The street is about 180 meters long, and runs from the north to the south of Ha Noi. The name “Hang Duong” means “shop of sugar”, as it originally specialized in processing and selling sugar and sweets. Nowadays, this is still the paradise for sweets lovers with various products, especially O mai (sweetened and spiced dried fruits), a culinary specialty of Ha Noi. There are many different types of dried fruits, such as apricots, plums, mandarine, peaches, tangerines, star fruits, mangoes and jackfruit. Some of them are salty, some are sweet, and some are perfect combination of sour, sweet, bitter and salty tastes.
O mai (sweetened and spiced dried fruits)
Along with sweets, many other products are sold here, such as cloth, fashion accessories, souvenirs and portraitures. This is one of the busiest streets in the Old Quarter; it becomes much more bustling and animated before Lunar New Year Festival (Tet), as people flock to the street and buy sweets to prepare for the Lunar New Year celebration.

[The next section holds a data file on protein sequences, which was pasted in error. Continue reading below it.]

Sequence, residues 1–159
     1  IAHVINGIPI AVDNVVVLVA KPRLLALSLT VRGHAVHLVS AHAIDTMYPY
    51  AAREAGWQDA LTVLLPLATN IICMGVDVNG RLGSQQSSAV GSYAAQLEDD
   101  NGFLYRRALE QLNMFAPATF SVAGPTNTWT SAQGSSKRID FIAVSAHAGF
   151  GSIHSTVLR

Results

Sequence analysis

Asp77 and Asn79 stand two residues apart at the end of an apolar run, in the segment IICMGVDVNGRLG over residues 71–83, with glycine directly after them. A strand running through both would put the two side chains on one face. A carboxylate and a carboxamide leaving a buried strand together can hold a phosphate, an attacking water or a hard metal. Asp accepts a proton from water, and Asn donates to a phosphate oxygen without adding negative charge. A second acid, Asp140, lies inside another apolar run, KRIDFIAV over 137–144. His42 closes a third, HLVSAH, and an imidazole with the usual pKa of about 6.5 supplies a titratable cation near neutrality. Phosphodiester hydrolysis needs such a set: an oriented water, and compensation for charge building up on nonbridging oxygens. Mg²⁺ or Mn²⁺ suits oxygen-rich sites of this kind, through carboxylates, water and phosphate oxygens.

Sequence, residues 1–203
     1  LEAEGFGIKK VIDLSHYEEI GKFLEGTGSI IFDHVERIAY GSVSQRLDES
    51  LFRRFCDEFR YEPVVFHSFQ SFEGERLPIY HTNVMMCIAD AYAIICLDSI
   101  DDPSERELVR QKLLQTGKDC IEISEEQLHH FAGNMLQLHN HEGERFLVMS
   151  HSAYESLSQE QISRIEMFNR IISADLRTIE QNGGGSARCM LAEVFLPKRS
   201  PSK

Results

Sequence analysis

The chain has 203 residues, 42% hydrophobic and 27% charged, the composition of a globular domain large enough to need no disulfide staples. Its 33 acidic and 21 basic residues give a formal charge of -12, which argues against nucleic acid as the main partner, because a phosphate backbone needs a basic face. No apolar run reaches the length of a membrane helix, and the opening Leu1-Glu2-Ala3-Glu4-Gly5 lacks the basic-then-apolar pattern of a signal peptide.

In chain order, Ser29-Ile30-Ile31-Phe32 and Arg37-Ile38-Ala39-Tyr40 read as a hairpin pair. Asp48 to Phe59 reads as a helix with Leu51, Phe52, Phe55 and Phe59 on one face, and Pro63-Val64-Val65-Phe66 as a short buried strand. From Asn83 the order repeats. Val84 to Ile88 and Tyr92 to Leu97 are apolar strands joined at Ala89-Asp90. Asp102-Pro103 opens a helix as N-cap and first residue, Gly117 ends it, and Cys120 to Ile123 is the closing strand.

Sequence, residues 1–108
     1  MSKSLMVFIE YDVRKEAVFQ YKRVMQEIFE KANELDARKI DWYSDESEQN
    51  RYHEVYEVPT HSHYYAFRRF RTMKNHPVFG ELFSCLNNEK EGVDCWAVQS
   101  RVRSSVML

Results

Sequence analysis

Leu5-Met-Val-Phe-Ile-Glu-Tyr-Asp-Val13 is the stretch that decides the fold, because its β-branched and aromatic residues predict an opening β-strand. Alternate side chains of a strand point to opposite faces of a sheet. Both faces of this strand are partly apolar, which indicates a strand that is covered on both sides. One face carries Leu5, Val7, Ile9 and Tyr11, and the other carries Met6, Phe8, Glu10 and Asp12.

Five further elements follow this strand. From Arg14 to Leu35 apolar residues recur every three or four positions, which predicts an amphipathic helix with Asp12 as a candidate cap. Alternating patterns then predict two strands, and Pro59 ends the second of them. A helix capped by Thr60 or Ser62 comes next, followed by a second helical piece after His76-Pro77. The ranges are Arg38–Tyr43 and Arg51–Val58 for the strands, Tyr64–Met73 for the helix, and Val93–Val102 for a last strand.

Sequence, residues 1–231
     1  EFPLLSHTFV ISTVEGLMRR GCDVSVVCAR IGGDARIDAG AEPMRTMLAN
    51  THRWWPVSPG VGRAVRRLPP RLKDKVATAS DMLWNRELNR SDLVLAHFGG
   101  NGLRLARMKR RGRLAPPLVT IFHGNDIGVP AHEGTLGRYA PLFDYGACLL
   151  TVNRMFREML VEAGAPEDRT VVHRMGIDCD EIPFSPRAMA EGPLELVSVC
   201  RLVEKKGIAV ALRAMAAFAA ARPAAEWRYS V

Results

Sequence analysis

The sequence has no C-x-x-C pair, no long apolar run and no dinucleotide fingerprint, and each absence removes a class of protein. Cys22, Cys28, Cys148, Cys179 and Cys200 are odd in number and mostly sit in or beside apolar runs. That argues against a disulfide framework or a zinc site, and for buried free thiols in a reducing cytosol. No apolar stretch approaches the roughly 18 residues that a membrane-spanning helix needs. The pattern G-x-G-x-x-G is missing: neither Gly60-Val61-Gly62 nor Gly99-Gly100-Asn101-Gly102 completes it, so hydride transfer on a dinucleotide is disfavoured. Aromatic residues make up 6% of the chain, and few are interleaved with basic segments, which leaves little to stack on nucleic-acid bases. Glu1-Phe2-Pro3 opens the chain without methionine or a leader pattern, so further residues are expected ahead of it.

Hang Duong Street has changed together with the ups and downs of history; however, there are still traces of the past on the street, such as national historical relics Vinh Hanh Communal House, Duc Mon Communal House and Pagoda, and Cau Dong Pagoda. Duc Mon Communal House worships Ngo Van Long, a famous general under the legendary 18th Hung King. Cau Dong Pagoda worships Buddha, along with General Tran Thu Do and his wife Tran Thi Dung, who contributed significantly to the prosperity of the Tran Dynasty (1225-1400).